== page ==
Tell us about “Typeast,” your ad that won the Adcolor Ad of the Year.

W+K New York reached out and said, “We have Michael K. Williams for this really interesting project for The Atlantic.” And I said, “Sign me up.” I’ve always been a big fan.

The concept itself wasn’t necessarily meant to be about typecasting or race. But as we discussed possible questions with Michael, everyone sort of circled the typecasting one. As we started script development, we realized how powerful the script could be, considering the cultural conversation around race.

It was a great opportunity to work for such a fantastic journalistic entity as The Atlantic. Being able to use the advertising abilities I learned in the School of Journalism and Communication to promote great journalism felt like a perfect circle.

What has helped you succeed in the industry?

I had incredibly supportive people at every stage. My father was a language arts teacher and a coach. He was instrumental in developing my writing at a young age and giving me a sports background. He coached five sports and made me play everything. That's been extraordinarily helpful in the creative field, because not that many people know sports well. It really helped when I got onto the Nike account to have that writing and sports background.

I had a writing teacher in high school, Bob Balmer. When I got to college, I lacked that mentorship, like most do, for the first couple of years. But then I had guys in the fraternity who took me under their wings and then Deb. She has been the main spark in my career and helped me get my foot in the door at JWT.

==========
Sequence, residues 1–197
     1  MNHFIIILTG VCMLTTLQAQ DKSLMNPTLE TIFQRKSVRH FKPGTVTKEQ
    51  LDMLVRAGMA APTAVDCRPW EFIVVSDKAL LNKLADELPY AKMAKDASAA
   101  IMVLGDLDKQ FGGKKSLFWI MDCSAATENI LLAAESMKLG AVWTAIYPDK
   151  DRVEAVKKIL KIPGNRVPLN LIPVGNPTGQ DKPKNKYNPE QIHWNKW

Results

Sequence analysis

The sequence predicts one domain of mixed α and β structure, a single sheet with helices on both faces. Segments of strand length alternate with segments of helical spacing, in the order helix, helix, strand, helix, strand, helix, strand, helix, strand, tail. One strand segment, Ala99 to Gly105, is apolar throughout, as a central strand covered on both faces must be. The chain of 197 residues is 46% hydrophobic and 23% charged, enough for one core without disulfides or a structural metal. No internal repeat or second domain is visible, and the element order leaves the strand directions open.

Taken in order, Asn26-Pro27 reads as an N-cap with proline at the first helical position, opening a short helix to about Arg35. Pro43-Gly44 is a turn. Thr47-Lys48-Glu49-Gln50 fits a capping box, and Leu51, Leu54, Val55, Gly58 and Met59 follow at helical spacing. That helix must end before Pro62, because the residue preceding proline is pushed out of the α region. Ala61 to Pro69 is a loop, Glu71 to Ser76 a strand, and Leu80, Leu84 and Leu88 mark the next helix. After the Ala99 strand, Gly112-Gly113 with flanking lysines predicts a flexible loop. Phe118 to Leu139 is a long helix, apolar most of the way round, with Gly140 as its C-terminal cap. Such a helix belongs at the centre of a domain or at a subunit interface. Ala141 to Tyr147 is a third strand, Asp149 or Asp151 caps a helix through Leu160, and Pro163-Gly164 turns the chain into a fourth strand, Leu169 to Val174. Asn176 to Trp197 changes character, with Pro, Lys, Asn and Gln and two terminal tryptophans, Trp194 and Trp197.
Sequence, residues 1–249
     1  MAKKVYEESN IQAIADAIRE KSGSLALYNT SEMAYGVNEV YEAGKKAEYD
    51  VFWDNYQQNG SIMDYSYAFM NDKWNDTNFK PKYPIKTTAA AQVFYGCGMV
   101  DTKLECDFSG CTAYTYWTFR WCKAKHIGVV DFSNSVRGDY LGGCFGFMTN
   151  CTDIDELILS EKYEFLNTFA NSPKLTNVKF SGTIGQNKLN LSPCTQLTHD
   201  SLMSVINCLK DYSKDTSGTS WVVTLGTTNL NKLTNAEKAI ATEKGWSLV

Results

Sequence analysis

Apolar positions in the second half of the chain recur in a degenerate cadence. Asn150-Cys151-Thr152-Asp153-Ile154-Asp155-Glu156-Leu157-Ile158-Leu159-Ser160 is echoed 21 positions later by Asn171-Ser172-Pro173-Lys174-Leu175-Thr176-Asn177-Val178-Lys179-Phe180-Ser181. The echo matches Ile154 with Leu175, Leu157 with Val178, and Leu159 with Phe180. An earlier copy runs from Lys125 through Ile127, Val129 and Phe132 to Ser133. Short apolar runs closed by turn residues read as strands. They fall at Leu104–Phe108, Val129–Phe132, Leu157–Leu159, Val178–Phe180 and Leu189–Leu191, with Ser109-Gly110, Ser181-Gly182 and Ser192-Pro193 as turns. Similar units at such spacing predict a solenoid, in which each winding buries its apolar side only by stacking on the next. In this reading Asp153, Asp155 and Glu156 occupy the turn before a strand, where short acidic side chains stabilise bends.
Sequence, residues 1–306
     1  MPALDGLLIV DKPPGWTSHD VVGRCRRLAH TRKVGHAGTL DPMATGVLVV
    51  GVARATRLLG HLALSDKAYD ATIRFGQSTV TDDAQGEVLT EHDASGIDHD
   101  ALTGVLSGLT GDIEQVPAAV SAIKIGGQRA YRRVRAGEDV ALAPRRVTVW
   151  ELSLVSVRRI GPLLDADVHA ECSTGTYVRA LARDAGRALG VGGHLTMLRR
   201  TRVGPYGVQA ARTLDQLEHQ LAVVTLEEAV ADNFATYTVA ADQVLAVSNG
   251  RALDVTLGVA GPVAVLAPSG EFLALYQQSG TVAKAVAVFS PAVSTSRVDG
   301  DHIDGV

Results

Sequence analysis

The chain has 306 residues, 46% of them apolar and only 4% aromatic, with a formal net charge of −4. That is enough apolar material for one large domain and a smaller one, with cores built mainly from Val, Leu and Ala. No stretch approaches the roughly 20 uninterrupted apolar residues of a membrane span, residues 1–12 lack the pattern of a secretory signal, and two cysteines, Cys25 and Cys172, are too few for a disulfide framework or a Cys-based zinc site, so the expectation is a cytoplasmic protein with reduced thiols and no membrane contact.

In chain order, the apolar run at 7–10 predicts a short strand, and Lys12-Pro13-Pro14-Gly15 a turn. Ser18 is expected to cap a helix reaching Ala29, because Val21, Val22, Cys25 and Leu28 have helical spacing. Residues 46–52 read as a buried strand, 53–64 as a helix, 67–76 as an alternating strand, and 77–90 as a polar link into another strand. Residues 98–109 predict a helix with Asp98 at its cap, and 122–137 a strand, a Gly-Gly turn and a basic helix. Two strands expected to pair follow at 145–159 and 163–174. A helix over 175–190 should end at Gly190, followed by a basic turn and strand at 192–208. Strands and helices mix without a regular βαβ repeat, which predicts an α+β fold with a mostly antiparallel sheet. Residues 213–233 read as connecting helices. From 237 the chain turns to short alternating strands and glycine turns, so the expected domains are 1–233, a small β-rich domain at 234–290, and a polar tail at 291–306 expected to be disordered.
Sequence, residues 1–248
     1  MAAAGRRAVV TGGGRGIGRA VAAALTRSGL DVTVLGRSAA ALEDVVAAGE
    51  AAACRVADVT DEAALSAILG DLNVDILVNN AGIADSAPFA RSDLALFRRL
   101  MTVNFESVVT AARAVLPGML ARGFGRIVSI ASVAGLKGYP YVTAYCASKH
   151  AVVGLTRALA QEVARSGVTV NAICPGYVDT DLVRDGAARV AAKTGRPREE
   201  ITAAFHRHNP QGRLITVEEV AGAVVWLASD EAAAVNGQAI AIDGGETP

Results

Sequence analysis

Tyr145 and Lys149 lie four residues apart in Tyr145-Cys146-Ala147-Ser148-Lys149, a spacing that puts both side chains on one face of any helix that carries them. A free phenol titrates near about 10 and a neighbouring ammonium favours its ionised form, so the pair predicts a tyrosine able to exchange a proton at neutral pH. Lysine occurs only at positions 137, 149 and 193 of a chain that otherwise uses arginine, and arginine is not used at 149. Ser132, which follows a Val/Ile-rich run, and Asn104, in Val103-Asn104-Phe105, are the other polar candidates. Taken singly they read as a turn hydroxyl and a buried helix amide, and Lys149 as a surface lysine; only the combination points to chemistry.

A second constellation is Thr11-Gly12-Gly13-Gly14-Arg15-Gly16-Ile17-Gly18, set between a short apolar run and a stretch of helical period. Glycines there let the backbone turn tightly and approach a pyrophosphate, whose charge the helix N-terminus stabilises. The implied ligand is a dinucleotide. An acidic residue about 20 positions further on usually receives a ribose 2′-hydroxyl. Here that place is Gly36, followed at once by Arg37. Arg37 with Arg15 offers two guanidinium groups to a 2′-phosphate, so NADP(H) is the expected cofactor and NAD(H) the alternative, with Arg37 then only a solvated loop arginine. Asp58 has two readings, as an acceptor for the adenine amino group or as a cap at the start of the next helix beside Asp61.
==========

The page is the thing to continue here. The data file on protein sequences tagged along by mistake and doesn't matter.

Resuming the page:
What is your creative process? Where do your ideas come from?

I read anything and everything I can get my hands on. What I read probably feels random, even to me. But when I sit down to write, ideas will start to bounce off each other from things I've read. They’ll start to mingle and make sense.

I stole this method of working from Eugene Schwartz, an old ad guy who had a timer on his desk: He would set six 30-minute sessions a day and write that way, under the gun. I aim for six sessions — sometimes more, sometimes less — but every single day I try to sit down and grind it out. Sometimes the best ideas are really useful, and sometimes it feels like I'm not doing anything at all. But you got to sit and crank it out. It’s also easy to get carried away in the process. With advertising, especially, you can't go too long with stuff or make it too complex. Eventually you have to reduce it down to its core and simplify.

What advice do you have for students interested in advertising?

My advice is to take the strangest classes and meet the weirdest people you can on campus. Two of the more important classes I took — Folklore in Pop Culture and The Apocalypse in Pop Culture — were from a folklore teacher, Daniel Wojcik. He's amazing. I found with those classes, as with reading, that the more you can get different perspectives and different thoughts in your head, the better you'll be at writing.

Eric Schucht is a senior pursuing a bachelor’s degree in journalism from the SOJC as well as a minor in multimedia and a certificate in film studies. He has worked for the Daily Emerald as a news reporter and has freelanced for The Cottage Grove Sentinel.